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At the Center for Behavioral Addiction Research (CeBAR) we conduct research about the topic behavioral addictions.

Behavioral addictions as for example gambling disorder, Internet-use disorder, shopping disorder, or hypersexual behavior are often described as non-substance-related disorders. Currently there is an international debate about the classification and etiological assumptions of the different behavioral addictions. The research conducted at the CeBAR aims to obtain a better understanding of the development of behavioral addictions.

The focus of research is the identification of mechanisms which contributes to the development and maintenance of behavioral addictions with a main focus on the different forms of pathological internet use. The behavioral addictions are examined from cognitive psychological and neuropsychological perspective. We are primarily interested in how addiction-related cues are processed on an emotional, cognitive, and neural level.

We use different scientific sound research methods, which are in line with our research questions. Especially the use of scientifically designed and verified questionnaires and interviews are the key components of our work. The questionnaires and interviews support the measurement of individual characteristics (e. g. personality traits) and symptoms of behavioral addictions as well as the investigation of other problematic issues. Moreover, there are experimental paradigms used in studies to measure cognitive concepts like attention, concentration, working memory, or problem solving skills. We also measure psychophysiological reactions (e. g. the heart rate), neuroendocrine markers (e. g. salivary cortisol) or neural correlates (e. g. using functional magnetic resonance imaging respectively fMRI).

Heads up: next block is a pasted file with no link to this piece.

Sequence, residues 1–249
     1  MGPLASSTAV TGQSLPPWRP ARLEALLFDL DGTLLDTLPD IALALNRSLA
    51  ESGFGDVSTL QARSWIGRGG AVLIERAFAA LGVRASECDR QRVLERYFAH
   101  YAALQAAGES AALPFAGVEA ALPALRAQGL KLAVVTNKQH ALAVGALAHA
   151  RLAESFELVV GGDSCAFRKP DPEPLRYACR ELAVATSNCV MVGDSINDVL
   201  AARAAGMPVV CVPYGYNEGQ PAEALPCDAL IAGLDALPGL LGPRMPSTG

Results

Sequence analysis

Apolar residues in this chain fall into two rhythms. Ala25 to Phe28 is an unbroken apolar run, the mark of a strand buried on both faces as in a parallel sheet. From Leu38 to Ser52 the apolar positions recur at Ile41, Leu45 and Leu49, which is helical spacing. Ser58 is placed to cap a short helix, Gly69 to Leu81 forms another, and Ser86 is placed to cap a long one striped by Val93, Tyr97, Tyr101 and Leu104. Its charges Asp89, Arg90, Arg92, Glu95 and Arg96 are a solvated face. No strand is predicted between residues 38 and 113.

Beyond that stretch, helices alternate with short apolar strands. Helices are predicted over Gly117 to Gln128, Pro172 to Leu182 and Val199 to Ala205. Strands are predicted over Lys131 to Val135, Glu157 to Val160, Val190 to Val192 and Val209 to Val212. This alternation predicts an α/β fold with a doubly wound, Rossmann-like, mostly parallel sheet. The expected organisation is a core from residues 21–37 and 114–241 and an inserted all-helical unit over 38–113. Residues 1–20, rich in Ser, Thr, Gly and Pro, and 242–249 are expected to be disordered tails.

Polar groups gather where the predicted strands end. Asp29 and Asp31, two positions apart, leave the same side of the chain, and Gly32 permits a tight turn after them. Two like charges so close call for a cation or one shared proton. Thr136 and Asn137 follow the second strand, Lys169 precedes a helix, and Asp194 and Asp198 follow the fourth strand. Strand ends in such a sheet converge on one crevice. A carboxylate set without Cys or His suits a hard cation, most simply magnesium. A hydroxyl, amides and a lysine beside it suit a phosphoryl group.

Current research projects:

  • Cognitive psychological determinants of functional Internet use / Internet use skills
  • Decision making processes, cognitive interference and working memory performance in individuals with pathological internet using behavior
  • Cognitive and emotional correlates of excessive gaming behavior of internet games and the pathological use of social network sites
  • Internet-pornography and Internet-pornography-use disorder: emotional, psychophysiological, and neural correlates
  • Decision making, craving, and cue-reactivity in persons who suffer from behavioral addictions (in particular Internet-use disorder, shopping disorder and gambling disorder)


If you would like to take part in one of our studies, you can find more information here.